Our journey for yesterday ended in Ocotillo where we had been promised free camping at an RV Park by a guy who claimed that he would feel terrible charging anyone crazy enough to ride to Florida on a bicycle.  When we arrived however, instead of letting us set up tent, he insisted that we stay in the Recreational Room.  He told us to basically make ourselves at home and make sure to fill up on ice and water before we left.  After picking our jaws up off the floor, we did some laundry and toyed with the local cat a bit. 

This morning, we set out bright and early to beat the desert heat and thanked John, the owner of the RV Park for his hospitality.  Setting out from Ocotillo we stopped at a Mexican restaurant that John has recommended and had a plate of rolled tacos.  We watched as several members of the Navy strolled in and ordered food and listened to the roaring of jets overhead.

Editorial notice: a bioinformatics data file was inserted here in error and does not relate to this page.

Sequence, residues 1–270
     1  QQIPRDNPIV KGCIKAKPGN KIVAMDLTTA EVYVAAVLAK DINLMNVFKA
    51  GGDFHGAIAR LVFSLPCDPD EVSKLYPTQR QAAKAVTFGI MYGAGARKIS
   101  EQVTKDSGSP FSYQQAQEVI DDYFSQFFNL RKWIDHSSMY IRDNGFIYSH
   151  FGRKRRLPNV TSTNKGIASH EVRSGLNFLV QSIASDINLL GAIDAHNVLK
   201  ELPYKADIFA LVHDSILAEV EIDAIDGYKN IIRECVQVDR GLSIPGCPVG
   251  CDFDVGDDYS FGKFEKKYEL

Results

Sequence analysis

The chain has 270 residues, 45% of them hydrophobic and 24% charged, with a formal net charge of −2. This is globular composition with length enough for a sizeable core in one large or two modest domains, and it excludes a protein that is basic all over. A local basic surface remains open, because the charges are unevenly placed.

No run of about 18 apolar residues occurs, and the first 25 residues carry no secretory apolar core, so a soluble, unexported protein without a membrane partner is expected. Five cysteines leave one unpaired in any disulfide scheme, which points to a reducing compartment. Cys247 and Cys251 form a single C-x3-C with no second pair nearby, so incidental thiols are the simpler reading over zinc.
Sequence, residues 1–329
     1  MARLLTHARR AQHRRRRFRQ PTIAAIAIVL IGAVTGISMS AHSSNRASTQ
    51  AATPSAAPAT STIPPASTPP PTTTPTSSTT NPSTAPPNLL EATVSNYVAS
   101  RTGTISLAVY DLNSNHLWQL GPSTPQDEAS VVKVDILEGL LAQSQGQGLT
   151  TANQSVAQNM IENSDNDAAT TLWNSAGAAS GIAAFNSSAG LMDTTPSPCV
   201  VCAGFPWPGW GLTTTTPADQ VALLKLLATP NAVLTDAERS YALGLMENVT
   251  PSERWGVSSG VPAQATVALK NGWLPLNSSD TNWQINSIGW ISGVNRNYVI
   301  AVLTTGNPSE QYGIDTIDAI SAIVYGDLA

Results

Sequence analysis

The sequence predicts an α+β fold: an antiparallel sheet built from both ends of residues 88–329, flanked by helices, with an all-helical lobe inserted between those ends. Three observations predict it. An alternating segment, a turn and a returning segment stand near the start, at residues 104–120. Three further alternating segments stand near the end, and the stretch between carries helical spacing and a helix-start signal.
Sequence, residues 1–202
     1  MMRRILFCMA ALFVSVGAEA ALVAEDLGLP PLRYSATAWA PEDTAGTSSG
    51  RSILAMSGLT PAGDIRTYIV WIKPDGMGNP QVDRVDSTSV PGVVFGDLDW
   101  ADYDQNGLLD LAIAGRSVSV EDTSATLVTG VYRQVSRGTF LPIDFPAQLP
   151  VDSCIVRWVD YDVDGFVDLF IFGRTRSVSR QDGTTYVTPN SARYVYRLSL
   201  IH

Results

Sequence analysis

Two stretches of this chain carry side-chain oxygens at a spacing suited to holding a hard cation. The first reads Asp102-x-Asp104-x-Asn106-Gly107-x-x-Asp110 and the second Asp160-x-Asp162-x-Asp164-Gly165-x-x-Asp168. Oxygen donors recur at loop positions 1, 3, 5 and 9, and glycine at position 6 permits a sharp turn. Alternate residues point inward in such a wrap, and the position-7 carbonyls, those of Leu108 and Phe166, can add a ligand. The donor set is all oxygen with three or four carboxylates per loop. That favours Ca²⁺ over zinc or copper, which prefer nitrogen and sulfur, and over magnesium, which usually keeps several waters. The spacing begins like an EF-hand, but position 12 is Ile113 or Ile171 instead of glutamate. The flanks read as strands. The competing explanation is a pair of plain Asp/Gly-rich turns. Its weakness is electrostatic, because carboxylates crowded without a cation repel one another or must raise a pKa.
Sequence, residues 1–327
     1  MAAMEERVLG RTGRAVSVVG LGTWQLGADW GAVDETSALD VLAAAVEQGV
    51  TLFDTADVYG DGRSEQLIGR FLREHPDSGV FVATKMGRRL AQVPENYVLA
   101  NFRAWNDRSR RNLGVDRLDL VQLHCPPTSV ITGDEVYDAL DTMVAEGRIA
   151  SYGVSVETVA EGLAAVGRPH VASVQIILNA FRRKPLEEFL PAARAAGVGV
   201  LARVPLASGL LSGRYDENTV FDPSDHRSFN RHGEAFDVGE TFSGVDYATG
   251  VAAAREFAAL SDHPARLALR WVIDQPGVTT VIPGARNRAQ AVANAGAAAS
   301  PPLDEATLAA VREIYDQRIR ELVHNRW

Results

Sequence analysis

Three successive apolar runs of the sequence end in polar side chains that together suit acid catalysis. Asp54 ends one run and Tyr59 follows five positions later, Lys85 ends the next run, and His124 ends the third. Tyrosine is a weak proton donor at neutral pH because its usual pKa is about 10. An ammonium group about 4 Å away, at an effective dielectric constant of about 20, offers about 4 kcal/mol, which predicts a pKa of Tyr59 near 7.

The remainder of the journey for today was pleasant as it was relatively flat compared to the 3000 foot drop we had coming out of Live Oaks Spring riding through the In-koh-pah Pass.  However, this was a bit easier on us physically than the 3000 foot climb to the top.  As you can imagine, the view was amazing.  We also noticed that the people of California had placed flags along the highway to mark boxes filled with water for people stuck without water in the heat.  

Well, today we are relaxing in El Centro since they have a bike shop and we need maintenance done on our bikes.  Our brakes need more stopping power for when we come down off of hills.  The town itself is pretty desolate, but tomorrow morning we will be on our bikes bright and early to continue our journey.